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. Last Updated: 07/27/2016

Russia, Singapore Trade Gas for Brains

Technology powerhouse Singapore will share its know-how with Russia by providing training to officials on how to make better use of tax breaks and other incentives offered to technology and research firms.

Singapore, one of the four so-called Asian tigers, will consult and train local officials in Siberia's research and development zone in Tomsk and in Tatarstan's manufacturing zone in Yelabuga, Singapore's minister for trade and industry, Lim Hng Kiang, said Tuesday.

On a visit to Moscow, Lim also called for wider bilateral energy ties and invited Russia to supply liquefied natural gas to Singapore.

Singaporean officials toured all of Russia's six special economic zones, unveiled last year to boost investment in technology by offering tax breaks and other benefits, but chose to act as consultants for just two of them.

"We selected Tomsk and Tatarstan because of the strong characteristics of these regions," Lim said without naming any investment figures.

Tomsk, which has been focusing on electronics, nanotechnology, petrochemicals and other research since April, was chosen for its "strong scientific potential," Lim said. Tatarstan's Yelabuga, where businesses are expected to invest more than 13 billion rubles ($485 million) in car parts, electronics and plastics manufacturing by 2010, was chosen because of the regional government's "efficiency and enthusiasm."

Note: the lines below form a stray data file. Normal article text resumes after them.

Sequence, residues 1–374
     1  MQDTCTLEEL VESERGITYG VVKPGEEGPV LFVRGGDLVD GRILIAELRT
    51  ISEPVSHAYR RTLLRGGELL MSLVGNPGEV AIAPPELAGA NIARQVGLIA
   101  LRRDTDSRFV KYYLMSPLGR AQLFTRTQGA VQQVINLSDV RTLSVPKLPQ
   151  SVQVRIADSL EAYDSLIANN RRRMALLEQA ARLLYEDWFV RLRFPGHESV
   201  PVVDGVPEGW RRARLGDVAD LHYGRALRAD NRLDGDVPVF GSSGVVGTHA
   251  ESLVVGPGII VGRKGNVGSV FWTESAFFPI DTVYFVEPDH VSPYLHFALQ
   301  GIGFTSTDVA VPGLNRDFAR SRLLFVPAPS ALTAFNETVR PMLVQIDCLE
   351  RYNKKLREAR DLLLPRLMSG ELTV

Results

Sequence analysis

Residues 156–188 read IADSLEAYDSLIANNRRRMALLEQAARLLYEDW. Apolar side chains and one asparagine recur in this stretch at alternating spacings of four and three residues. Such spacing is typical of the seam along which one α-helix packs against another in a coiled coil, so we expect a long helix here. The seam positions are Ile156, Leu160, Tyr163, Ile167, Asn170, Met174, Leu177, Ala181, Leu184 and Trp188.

"We view Singapore as a strategic partner and a platform for entering Asian markets," Economic Development and Trade Minister German Gref said after signing the zones agreement.

Lim said the energy needs of Southeast Asia were growing, which could provide new opportunities for bilateral trade between Russia and Singapore, specifically concerning LNG. Petroleum products currently account for the bulk of Russia's exports to the Asian country.

"We see Singapore as a base for Russian oil and gas companies to operate out of to the rest of Southeast Asia," he said. Singapore plans to finish construction of an LNG terminal by 2012 to diversify its energy sources, Lim said.

LNG cooperation "looks logical," Gref said, given that upcoming LNG projects in Sakhalin and Shtokman provide convenient transportation routes to Singapore.

The Sakhalin Energy group, the developers of the Shell-led Sakhalin-2 project, said it could begin discussing contracts with Singapore if production capacity was increased. Most of its LNG supplies are committed to Japan, South Korea, Mexico and the United States, according to the group's spokesman, Ivan Chernyakhovsky. The first gas shipments are expected in 2008, he said.

Shtokman, the largest LNG project in Russia, aims to develop the natural gas deposits located under the Barents Sea. Production was expected to start in 2010 but is likely to be delayed because the project's leader, Gazprom, has yet to choose its partners.

Russia-Singapore trade volume reached $628 million last year, up 17 percent from 2004. Russian exports, primarily oil products (66 percent) and metals (21 percent), totaled $310 million in 2005. Imports, mostly electronics, reached $318 million last year, according to the Economic Development and Trade Ministry.